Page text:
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Mily Treviño-Sauceda


Mily Treviño-Sauceda (she/her/hers) is the Executive Director & Co-Founder of Alianza Nacional de Campesinas, Inc. She is also known as one of the founders of the farmworker women’s movement in the U.S. Since the late 80s, she has assisted Líderes Campesinas as a Member Recruitment and Orientation Coordinator. Treviño-Sauceda co-founded “Mujeres Mexicanas” in Coachella Valley and with support from the California Rural League Assistance Foundation, she co-founded Líderes Campesinas, in 1992, the first state-based farmworker women’s grass roots organization. Treviño-Sauceda served as the Executive Director of Líderes Campesinas over 12 years and became President of Emeritus of the organization.

Born in Bellingham, Washington to a migrant farmworker family, she is the third of ten children. She worked in agricultural fields since age eight; and became a union worker organizer with the UFW in the 70s. As a single mom, she raised her son Humberto, who’s name means “the son of the community.” In 2011, she co-founded Alianza Nacional de Campesinas, the first national grassroots-based farmworker women’s organization. She earned a Bachelors’ Degree in Chicano Studies with enough credits for a Minor in Women Studies at Cal State Fullerton too and got her Master’s Degree in Social Sciences: Rural Development, Capacity Building, Women’s Leadership, and Oral History from Antioch University.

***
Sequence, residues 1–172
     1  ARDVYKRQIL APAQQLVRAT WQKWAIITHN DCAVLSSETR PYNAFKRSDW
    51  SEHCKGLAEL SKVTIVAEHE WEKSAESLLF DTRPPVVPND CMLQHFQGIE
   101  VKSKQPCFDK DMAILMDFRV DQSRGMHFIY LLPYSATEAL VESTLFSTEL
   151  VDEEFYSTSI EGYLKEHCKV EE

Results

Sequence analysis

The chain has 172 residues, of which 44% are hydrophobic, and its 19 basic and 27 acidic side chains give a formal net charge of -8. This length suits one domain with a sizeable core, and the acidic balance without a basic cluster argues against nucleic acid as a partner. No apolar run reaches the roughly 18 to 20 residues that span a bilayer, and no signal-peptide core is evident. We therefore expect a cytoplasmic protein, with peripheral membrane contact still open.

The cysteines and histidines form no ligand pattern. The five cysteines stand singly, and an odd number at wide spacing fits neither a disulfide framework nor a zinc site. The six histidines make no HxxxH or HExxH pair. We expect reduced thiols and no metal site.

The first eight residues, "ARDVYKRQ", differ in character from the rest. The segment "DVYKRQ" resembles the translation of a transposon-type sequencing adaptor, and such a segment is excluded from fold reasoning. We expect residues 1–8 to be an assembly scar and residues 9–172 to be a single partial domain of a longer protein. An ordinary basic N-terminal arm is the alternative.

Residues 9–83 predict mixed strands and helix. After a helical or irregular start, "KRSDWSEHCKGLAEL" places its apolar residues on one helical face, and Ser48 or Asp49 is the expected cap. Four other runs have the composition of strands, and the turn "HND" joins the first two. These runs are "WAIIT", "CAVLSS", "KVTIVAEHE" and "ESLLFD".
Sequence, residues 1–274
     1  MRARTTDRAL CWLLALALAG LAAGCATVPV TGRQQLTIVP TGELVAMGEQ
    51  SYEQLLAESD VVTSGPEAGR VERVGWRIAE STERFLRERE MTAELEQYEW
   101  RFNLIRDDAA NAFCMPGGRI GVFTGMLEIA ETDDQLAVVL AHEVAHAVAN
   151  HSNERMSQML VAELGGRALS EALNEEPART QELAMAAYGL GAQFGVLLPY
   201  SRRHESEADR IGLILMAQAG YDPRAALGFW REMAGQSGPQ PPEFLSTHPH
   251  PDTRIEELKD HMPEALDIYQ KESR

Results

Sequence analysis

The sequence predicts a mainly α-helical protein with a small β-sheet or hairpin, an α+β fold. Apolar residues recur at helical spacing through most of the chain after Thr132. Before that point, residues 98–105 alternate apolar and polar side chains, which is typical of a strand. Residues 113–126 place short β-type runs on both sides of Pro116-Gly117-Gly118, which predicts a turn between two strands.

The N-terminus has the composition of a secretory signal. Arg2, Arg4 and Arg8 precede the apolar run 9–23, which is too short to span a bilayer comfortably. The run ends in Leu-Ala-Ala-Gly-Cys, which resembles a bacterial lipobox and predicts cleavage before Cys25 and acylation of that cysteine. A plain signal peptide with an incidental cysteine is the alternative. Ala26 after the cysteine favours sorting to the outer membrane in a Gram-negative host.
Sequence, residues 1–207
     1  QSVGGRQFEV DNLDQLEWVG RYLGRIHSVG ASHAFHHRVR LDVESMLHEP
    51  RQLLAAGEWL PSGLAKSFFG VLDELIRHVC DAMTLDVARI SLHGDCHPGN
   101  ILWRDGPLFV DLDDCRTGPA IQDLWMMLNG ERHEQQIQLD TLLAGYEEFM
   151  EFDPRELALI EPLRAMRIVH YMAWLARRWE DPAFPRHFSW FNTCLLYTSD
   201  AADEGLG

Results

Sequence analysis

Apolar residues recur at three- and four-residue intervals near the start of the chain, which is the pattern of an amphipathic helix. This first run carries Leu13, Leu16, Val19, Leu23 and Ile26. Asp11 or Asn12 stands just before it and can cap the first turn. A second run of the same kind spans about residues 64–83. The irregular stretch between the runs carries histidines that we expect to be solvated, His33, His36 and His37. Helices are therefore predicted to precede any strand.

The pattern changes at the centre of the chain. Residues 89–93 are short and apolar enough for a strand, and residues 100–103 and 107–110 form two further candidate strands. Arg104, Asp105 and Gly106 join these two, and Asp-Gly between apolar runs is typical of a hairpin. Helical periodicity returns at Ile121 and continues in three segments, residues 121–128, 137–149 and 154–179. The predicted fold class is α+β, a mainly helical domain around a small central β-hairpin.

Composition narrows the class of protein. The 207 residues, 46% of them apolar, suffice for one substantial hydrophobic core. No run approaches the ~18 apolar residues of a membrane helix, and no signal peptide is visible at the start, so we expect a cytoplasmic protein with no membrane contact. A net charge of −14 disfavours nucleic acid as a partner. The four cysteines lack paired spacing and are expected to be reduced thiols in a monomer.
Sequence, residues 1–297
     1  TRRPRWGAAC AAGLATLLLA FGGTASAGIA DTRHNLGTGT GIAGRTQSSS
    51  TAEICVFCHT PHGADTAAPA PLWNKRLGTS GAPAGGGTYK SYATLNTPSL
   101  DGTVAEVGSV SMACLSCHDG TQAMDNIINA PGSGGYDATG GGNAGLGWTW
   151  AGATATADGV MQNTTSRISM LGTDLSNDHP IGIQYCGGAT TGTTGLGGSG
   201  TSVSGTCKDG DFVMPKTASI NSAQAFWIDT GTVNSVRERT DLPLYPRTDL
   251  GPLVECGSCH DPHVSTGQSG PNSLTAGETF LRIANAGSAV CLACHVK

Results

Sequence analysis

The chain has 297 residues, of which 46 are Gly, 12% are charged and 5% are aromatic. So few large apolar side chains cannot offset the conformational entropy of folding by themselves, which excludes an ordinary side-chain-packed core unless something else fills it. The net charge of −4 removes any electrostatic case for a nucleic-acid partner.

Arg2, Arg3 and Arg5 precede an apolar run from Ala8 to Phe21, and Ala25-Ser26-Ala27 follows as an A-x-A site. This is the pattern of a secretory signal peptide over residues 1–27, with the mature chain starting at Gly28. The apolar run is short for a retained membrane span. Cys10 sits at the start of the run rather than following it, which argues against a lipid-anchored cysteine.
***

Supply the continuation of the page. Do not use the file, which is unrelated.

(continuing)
Treviño-Sauceda has won numerous awards for her tireless efforts, including “100 Heroines of the World” in 1998, the “Sister of Fire” Award in 2003, and The Ford Foundation & NYU award “Leadership for a Changing World” in 2004. People Magazine recognized her twice and Líderes Campesinas honored her 30+ year’s distinguished leadership in 2009 & 2018. She won The Cesar Chavez Legacy Award in 2015 & 2018 and was named as one of nine laureates given the Prize for Women’s Creativity in Rural Life in 2016 by World Women Summit Foundation. In 2018, she became part of Novo Foundation’s fourth Cohort of the Movement to End Violence; she won the “Ingenuity Award: as Social Progress” by Smithsonian in 2018, and does her best to embody the spirit and work as a Feminist of The Frederick Douglass list of 200, in 2019.